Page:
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Farmer’s Daughter Gains Wisdom from Floods

By Staff | Jul 20, 2016

SISTERSVILLE – A farmer’s daughter, who is from one of the more flood ravaged counties of the state, said she is honored to be crowned as queen of the West Virginia Oil and Gas Festival.

“I am truly honored to be able to represent the oil and gas industry in West Virginia and all the wonderful men and women who work and support it,” said Autumn Carter, 18, of Frankford in Greenbrier County. “I am looking forward to helping honor the WV Oil and Gas Man of the Year and to participate in all the activities such as the wrench throwing competition and the grand parade.”

Greenbrier County was among the hardest hit by the floods in late June. Carter said because her family’s farm was spared since it is located on higher ground, she was able to volunteer her time helping others affected by the flood. She said one her best friends not only lost his home to flood, but his father was killed.

“I was able to volunteer in both White Sulphur Spring and Rainelle throughout the past two weeks and the devastation is heartbreaking,” she said. “While in one house, the water line was over my head, at least 6 feet high. Seeing families that had lost everything, without anywhere to live, is truly overwhelming.”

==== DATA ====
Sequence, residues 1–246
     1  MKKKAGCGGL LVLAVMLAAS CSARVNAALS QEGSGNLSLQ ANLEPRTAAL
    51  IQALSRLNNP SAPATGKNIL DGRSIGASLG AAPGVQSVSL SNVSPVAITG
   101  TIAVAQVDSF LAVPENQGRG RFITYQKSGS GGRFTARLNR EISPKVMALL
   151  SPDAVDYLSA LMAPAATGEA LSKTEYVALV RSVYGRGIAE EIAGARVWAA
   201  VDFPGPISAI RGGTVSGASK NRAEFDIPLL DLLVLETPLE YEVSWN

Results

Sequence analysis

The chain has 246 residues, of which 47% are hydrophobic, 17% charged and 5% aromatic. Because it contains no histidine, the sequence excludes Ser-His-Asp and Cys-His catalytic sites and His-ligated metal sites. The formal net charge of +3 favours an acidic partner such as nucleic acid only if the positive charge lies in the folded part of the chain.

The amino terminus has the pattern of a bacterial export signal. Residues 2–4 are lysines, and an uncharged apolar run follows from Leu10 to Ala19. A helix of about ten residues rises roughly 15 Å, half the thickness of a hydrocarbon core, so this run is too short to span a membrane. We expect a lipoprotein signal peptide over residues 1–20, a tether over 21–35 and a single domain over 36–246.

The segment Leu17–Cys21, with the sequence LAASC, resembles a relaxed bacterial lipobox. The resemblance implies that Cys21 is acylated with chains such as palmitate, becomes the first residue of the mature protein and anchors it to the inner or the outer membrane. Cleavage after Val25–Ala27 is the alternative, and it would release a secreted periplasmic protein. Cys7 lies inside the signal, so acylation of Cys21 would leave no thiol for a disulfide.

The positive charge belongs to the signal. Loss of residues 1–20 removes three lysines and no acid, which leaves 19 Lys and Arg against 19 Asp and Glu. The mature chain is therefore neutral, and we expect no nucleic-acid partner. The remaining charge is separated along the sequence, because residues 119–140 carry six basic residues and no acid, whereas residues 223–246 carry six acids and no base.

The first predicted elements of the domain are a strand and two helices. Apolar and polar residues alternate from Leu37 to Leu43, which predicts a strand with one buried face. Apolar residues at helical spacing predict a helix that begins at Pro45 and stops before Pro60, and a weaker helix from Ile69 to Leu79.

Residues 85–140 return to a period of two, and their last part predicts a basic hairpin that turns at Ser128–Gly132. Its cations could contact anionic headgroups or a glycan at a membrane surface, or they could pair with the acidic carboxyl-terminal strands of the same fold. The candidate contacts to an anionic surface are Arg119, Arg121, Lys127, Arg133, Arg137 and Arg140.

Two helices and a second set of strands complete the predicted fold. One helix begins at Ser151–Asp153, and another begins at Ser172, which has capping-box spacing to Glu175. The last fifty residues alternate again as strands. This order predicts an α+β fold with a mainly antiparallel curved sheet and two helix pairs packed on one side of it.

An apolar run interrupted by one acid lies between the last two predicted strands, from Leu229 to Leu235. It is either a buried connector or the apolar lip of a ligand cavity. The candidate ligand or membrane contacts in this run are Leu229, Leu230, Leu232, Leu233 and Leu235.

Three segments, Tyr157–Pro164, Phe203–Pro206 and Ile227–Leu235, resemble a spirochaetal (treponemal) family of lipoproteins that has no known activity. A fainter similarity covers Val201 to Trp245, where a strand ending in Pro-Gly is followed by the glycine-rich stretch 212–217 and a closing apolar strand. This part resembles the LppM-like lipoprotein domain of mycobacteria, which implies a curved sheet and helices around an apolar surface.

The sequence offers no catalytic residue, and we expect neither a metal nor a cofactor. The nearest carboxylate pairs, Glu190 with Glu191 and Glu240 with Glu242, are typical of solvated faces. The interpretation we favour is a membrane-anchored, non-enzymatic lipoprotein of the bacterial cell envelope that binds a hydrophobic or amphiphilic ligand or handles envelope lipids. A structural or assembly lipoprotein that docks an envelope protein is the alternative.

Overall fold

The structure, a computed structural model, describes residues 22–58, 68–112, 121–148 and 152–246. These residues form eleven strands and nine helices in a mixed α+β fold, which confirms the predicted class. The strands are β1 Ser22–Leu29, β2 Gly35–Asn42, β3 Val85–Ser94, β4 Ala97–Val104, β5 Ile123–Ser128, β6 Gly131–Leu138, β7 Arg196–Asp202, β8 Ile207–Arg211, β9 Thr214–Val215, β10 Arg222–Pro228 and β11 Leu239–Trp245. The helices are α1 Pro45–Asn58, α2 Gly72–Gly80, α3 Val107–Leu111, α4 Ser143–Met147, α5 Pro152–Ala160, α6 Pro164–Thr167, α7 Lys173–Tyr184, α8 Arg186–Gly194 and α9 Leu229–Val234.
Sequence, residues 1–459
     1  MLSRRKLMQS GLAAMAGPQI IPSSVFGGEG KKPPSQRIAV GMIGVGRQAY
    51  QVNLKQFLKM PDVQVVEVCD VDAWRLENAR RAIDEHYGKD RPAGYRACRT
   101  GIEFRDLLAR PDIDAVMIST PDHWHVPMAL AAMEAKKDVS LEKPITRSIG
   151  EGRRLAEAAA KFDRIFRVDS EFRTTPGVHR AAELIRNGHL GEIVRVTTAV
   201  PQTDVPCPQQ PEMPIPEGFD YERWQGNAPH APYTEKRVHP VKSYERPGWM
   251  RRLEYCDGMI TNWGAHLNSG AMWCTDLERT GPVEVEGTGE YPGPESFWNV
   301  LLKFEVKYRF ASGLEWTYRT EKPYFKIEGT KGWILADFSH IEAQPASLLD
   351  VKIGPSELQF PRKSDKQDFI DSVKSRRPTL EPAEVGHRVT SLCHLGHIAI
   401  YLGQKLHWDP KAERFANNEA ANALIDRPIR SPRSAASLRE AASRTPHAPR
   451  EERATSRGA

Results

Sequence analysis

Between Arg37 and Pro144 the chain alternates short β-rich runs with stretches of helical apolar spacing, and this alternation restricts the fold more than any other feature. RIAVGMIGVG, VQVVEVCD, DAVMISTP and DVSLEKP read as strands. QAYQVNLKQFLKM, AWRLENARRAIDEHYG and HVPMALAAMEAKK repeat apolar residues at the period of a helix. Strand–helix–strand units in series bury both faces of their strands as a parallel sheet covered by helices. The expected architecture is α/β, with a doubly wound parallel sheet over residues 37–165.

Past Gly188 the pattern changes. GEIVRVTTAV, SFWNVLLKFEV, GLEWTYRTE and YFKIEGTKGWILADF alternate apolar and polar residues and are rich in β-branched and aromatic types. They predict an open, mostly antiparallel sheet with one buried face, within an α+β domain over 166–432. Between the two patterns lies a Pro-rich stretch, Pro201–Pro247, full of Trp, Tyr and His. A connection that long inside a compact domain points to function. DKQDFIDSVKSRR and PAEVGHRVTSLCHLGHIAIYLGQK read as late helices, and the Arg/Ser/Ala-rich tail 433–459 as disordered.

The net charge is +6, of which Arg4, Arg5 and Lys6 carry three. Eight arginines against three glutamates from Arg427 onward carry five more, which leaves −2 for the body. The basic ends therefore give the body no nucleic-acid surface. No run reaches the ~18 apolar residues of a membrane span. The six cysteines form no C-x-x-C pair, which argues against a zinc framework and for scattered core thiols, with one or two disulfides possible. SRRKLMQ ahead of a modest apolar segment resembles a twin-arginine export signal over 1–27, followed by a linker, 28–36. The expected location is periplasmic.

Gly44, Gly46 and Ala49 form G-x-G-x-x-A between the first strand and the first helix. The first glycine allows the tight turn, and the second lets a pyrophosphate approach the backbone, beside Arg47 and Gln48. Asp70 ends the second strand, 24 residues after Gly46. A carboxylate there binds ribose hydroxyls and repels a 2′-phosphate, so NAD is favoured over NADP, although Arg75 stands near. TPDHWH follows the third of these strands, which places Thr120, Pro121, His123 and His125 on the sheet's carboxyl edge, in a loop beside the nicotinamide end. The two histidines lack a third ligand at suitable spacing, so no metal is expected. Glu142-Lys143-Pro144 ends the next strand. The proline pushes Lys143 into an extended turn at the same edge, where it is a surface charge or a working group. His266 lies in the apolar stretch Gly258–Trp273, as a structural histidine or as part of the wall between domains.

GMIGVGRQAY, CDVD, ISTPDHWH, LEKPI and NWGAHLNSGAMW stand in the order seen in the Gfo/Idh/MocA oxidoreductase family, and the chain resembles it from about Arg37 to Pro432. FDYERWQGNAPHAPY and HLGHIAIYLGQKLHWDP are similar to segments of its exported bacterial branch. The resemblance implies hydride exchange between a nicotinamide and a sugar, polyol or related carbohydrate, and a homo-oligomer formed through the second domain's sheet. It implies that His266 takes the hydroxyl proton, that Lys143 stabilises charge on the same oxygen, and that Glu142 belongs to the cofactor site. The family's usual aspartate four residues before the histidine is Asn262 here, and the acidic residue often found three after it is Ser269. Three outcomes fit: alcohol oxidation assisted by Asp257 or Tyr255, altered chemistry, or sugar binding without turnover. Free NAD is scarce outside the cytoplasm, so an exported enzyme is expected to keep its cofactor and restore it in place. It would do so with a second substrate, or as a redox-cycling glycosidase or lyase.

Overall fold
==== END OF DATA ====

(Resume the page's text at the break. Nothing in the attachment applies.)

Carter praised the strength of West Virginians’ resolve to get through this crisis, rebuild their lives.

“The communities have proven their strength, banding together to help each other get through this catastrophe,” she said.

Though many other states such as Virginia and Maryland have donated money and resources to flood relief, Carter is concerned about the future.

“The thing that worries me most is that the donations will stop too soon,” Carter said. “People outside the area are already forgetting about what has happened and the truth is that these families are going to be struggling for months while trying to rebuild from nothing.”

Carter said the Federal Emergency Management Agency (FEMA) only helps with the tear down and cleanup of houses as well as loans for rebuilding.

“Many people I have talked to say that their insurance is only paying off the house they lived in, not giving them any money to start over with,” she said. “Between the houses and businesses that have been taken by the flood, to the roads and land that have been disrupted, this will take years to repair and I can only hope this truly is the ‘thousand-year flood.’ These communities have been through enough hurt for a thousand years.”

After the floods, Carter’s grasped hold of one of life’s most valuable lessons.

“Mainly with the flooding, what has come to my mind is to expect the unexpected and live everyday to the best of your ability because you never know when your world will be completely turned upside down,” she said.

Farmer’s daughter

No ordinary queen, Carter does a lot of work around the family farm.